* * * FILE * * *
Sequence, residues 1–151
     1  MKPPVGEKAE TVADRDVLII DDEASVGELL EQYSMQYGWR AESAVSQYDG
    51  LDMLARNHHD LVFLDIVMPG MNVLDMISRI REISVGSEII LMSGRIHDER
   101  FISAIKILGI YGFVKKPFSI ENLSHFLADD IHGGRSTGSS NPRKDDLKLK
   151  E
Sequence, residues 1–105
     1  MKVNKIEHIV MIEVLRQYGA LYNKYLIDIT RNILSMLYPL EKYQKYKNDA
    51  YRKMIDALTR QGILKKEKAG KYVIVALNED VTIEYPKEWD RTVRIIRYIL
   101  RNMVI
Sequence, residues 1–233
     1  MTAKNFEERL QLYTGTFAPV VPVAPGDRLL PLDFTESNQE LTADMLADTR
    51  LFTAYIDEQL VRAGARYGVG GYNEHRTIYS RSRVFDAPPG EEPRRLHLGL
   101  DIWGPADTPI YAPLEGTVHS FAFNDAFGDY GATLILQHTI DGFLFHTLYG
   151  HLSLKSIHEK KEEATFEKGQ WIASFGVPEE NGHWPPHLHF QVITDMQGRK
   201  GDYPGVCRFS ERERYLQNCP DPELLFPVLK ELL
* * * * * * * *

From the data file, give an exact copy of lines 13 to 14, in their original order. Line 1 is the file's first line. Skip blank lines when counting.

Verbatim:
   101  DIWGPADTPI YAPLEGTVHS FAFNDAFGDY GATLILQHTI DGFLFHTLYG
   151  HLSLKSIHEK KEEATFEKGQ WIASFGVPEE NGHWPPHLHF QVITDMQGRK